The government has responded to calls for colonial and Black British history to be taught in schools by claiming the curriculum is “already incredibly diverse.”
Campaign group The Black Curriculum said a request to meet face-to-face with education secretary Gavin Williamson had been rejected on the basis that the current syllabus “as a framework is broad, balanced and flexible”.
The group, which aims to redress the “whitewashing” of education, said the government’s response was “disappointing” but told HuffPost UK it later received a “more positive” response from schools minister Nick Gibb and is hoping to arrange a meeting.
A separate petition signed by more than 250,000 people calling on the government to teach Britain’s colonial past as part of the compulsory curriculum has also been dismissed.
The organisation behind it, The Impact of Omission, said the response was “so superficial it borders on insulting”.
A spokesperson from the Department of Education told HuffPost UK: “Racism in all its forms is abhorrent and has no place in our society and schools play a crucial role in helping young people understand the world around them and their place within it.
“The curriculum in our schools is already incredibly diverse and offers pupils access to different Black History topics across all key stages, teaching children about significant figures from Black and ethnic minority backgrounds to help them learn about our shared history with countries from across the world.”
As the Black Lives Matter movement has gained global traction in the aftermath of the US police killing of George Floyd, in Britain the focus has been directed towards how children are being educated about racism.
An increasing number of people have questioned whether the school curriculum accurately depicts Britain’s colonial and imperial past, or reflects the achievements and contributions of Black people.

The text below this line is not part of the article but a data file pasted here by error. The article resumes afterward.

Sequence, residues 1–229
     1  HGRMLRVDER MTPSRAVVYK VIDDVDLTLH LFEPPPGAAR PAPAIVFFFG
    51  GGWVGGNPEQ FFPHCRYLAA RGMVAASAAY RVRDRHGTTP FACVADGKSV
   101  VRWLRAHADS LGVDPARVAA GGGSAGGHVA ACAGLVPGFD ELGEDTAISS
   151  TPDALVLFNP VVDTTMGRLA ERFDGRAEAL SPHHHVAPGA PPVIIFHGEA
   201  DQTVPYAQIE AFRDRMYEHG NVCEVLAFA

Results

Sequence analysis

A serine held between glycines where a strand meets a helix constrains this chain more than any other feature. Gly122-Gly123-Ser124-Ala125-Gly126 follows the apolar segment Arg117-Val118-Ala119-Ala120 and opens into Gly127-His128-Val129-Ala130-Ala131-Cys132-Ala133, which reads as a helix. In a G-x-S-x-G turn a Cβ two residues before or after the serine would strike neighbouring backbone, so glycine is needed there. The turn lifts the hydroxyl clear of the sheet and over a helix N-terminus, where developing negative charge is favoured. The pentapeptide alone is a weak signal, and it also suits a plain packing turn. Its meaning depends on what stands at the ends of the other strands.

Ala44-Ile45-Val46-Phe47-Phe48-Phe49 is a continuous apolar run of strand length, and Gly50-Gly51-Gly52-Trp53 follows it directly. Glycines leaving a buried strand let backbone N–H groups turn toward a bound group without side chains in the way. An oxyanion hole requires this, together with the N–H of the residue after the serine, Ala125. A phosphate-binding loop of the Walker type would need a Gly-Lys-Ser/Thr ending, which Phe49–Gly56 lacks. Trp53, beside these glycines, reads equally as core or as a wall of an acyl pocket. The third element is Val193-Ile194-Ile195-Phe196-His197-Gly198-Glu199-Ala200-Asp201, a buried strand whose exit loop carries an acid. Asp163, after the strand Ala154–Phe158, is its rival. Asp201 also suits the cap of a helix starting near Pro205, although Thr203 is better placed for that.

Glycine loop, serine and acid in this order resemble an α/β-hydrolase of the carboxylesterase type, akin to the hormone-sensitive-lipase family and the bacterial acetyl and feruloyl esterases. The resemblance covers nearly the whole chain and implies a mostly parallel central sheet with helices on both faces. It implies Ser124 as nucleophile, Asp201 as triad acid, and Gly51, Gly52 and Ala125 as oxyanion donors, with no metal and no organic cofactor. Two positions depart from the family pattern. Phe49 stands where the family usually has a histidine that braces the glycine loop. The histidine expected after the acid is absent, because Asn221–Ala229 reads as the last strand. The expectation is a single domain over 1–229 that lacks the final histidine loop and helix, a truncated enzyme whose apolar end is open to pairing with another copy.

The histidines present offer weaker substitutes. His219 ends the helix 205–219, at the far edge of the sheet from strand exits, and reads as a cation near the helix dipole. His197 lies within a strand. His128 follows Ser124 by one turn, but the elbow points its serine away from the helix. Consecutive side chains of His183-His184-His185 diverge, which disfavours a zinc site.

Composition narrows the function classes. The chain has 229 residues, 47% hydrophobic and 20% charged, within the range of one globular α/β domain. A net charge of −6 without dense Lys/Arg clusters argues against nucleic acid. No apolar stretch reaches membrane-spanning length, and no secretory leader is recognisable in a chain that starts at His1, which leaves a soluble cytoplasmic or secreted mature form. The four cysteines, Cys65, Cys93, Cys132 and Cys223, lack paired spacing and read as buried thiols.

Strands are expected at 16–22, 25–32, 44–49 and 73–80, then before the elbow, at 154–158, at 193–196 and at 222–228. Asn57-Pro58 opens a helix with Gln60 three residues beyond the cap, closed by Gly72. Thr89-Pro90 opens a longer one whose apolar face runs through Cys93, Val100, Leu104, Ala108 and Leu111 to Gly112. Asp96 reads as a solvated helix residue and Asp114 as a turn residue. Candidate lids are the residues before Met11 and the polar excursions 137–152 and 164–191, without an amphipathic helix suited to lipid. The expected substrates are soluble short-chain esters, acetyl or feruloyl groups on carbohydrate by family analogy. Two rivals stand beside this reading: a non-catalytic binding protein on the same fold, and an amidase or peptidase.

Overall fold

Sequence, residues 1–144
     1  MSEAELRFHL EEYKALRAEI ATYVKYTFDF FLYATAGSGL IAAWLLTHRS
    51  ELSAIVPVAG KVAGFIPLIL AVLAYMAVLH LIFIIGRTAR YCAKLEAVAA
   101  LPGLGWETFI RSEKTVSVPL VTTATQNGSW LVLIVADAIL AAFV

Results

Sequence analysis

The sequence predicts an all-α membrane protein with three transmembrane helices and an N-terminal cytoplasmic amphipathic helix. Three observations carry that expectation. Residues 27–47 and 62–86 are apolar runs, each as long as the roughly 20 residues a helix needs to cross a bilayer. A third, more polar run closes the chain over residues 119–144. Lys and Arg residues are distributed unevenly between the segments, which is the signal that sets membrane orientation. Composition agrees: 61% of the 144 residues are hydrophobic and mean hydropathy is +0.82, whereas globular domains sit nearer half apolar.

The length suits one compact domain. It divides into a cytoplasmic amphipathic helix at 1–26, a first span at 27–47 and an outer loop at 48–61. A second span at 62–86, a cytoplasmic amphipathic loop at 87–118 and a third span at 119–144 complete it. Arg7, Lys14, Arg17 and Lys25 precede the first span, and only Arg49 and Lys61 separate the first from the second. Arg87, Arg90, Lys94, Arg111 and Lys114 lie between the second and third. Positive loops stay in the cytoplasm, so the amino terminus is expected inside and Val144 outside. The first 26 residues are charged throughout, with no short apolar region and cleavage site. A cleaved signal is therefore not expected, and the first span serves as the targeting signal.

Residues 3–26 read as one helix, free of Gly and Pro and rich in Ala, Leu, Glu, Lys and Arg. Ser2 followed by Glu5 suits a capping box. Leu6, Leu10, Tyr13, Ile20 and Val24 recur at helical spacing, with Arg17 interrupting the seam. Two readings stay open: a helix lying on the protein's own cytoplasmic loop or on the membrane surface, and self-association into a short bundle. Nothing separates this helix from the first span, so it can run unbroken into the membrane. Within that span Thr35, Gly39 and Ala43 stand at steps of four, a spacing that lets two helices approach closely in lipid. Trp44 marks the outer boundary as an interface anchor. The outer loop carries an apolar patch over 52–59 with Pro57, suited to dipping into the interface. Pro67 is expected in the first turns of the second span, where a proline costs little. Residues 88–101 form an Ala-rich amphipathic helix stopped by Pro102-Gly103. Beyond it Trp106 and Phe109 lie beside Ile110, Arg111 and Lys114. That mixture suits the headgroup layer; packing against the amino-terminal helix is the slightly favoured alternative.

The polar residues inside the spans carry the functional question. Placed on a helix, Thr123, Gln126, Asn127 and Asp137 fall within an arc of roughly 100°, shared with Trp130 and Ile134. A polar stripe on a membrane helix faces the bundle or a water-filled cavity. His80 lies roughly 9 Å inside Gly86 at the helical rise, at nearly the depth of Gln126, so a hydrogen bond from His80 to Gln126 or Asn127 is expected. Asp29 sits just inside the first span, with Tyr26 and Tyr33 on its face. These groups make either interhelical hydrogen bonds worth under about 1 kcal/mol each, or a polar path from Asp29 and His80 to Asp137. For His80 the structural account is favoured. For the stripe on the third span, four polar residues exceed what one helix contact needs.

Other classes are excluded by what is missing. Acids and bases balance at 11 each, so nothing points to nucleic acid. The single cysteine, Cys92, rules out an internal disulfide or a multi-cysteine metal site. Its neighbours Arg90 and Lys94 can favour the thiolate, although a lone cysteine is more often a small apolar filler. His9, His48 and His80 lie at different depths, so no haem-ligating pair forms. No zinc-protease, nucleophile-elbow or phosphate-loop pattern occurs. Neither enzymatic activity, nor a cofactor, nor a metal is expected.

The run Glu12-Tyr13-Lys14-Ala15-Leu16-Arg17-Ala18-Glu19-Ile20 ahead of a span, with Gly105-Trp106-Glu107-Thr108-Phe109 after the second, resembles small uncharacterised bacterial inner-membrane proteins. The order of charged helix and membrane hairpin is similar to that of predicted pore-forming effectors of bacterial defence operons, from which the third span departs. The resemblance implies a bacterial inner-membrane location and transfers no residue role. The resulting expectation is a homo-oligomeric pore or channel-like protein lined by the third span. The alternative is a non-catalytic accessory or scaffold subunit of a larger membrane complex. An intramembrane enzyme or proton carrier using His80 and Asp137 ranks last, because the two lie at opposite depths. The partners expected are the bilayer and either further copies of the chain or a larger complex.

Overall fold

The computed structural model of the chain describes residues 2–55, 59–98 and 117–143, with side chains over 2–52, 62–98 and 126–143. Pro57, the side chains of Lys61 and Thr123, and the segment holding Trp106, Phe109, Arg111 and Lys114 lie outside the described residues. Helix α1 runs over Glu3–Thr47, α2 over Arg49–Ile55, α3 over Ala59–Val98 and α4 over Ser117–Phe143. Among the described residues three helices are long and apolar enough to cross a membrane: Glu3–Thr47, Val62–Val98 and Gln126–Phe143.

Led by Lavinya Stennett, the Black Curriculum campaigns for a syllabus that incorporates Black British history across a range of different subject areas including politics, migration and art history.
The group previously sent an open letter to Williamson urging the government to make the teaching of Black history compulsory in England through primary and secondary school.
“Thousands of us, the British voting public, are grief-stricken and concerned about the existing status quo in the UK, which disregards the lives and contributions of Black British people,” the letter said.
“Despite numerous calls over the years to reform the national curriculum to incorporate Black histories, these requests have been denied.
“Learning Black history should not be a choice but should be mandatory. Our curriculum should not be reinforcing the message that a sizeable part of the British population are not valued.”
Lib Dem MP Jamie Stone called the government’s response “incredibly disheartening”.
“Decolonising the curriculum is a necessary step to building a more inclusive country and a great way for the UK Government to teach children of all ages that Black lives matter,” he told HuffPost UK.
The teachers’ union said it was also concerned students were not being taught enough about the contributions of Black people in the country’s history.
Dr Mary Bousted, joint general secretary of the National Education Union said it was “vital” the government acts to ensure the curriculum was more inclusive to “challenge the deeply entrenched stereotypes around race that limit opportunities for the next generation”.
“We share the concern that the current curriculum does not do nearly enough to include global Black history and the history of Black Britain,” she told HuffPost UK.
“This lets down Black students, but it also lets down all British students because they too need to learn about how Black people helped build this country.”
Black secondary school teacher Albert Adeyemi said not including Black British history in the curriculum has “failed many students” and has presented “false pictures of British history”.